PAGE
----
Wednesday, October 21, 2015

ISO a Biographer: Dorothy Kenyon

Dorothy Kenyon (wiki)
[Philippa Strum and Louise W. Knight sent a version of this notice, edited here, over the lawcourt-l listserv.  Sam Erman, USC Law, was good enough to forward it to us.]

Dorothy Kenyon (1888-1972) was a mid-twentieth century feminist attorney whose career sheds light on the history of feminism in the periods between the two world wars and in the post-war years. [She] began her career as a lawyer in private practice in New York City in 1917. She moved into public service in the early 1930s, serving on various state and city commissions, as New York City’s Deputy Commissioner of Licenses, and for a short term as a Justice on the city's Municipal Court. In these positions, in her capacity as the U.S. representative to the League of Nations Commission to Study the Legal Status of Women from 1938 to 1940, and as the first U.S. delegate to the United Nations Commission on the Status of Women from 1947 to 1950, Kenyon worked tirelessly to advance the status of women and minorities in the U.S. and internationally.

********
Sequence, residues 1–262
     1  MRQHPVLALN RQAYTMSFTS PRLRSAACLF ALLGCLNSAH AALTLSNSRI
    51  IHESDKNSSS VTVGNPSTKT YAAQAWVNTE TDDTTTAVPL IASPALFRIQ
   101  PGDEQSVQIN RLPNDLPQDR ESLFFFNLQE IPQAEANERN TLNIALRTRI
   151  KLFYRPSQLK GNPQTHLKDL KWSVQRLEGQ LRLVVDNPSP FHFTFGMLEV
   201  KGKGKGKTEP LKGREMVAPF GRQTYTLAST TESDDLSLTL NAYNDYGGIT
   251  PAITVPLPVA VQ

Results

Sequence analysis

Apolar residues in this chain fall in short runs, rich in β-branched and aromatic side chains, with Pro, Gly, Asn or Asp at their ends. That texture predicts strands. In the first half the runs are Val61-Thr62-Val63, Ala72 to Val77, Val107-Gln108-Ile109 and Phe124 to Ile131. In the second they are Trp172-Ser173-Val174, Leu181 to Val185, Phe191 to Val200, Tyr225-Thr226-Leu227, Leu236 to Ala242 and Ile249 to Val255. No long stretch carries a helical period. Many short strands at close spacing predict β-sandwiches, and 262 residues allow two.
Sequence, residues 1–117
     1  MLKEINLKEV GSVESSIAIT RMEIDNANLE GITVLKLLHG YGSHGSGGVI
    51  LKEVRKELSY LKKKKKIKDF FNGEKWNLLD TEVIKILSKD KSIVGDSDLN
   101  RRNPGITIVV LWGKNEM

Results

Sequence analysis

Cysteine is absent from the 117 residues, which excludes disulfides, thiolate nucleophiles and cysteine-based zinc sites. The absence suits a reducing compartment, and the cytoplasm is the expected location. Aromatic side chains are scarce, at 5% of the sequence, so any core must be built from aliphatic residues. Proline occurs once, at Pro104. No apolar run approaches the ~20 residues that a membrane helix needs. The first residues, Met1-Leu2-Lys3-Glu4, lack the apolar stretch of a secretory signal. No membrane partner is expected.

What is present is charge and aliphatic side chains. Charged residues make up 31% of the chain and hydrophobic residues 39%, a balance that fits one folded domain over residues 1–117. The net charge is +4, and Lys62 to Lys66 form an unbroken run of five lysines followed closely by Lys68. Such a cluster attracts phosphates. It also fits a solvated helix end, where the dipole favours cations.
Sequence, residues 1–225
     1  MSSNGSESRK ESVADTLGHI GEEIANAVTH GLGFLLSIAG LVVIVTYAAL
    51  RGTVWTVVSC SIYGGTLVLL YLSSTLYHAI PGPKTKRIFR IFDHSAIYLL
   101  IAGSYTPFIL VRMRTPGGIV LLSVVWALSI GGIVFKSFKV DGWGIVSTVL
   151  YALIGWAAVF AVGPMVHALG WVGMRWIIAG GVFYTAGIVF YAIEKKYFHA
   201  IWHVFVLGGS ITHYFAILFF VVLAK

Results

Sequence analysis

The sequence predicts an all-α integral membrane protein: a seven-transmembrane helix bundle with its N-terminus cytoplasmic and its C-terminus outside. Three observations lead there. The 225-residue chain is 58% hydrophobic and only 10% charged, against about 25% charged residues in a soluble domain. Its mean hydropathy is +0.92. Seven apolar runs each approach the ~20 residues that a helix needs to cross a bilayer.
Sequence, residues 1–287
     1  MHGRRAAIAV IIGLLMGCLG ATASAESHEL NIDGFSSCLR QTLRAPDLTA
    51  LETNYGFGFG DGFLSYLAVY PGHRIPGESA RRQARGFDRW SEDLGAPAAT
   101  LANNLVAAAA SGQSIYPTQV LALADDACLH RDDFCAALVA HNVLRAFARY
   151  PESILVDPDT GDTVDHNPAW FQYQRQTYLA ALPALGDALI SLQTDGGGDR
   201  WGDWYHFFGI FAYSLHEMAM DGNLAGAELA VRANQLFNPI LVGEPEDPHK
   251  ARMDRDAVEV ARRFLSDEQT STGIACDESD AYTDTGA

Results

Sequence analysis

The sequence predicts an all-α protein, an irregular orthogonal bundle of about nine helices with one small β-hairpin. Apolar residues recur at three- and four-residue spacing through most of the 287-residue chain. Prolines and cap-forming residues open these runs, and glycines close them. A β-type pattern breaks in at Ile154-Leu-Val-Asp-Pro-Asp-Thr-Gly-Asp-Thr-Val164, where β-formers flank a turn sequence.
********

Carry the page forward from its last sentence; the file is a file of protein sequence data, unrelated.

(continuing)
[She]  also held offices in many non-governmental organizations, beginning in the early 1920s. These included the Consumers' League of New York, the League of Women Voters, and the American Association of University Women. She served on the National Board of the American Civil Liberties Union from 1930 until her death and was central in persuading the organization to make challenging sex discrimination one of its priorities.  Despite Joseph McCarthy's anti-Communist attack on her in 1950, Kenyon remained politically active in the 1960s and early 1970s through her work in the war on poverty and her participation in the civil rights, anti-Vietnam war, and women's liberation movements. In 1968, when she was 80 years old, she co-founded an office for legal services for the poor on Manhattan's Lower West Side.

[We] believe she would make an excellent topic for a scholar, especially one with a background both in law and history. While Kenyon has been mentioned in passing in various books [notably, Landon Storrs’s Second Red Scare (DRE)] and while a few articles have been published about her, she has yet to receive the in-depth treatment her life and work merit.  One of us, Philippa Strum, has extensive research materials she collected for some biographical work on Kenyon and that she is happy to share. (An interested party would have to pay for shipping costs, as there are extensive paper files garnered from various archives as well as computer files.)  Louise W. Knight’s interest in Kenyon is partly personal. In addition to being an historian, Knight had a grandmother who was Dorothy Kenyon’s first cousin.  [Kenyon's papers are in the Sophia Smith Collection at Smith College.]

Philippa Strum
Louise W. Knight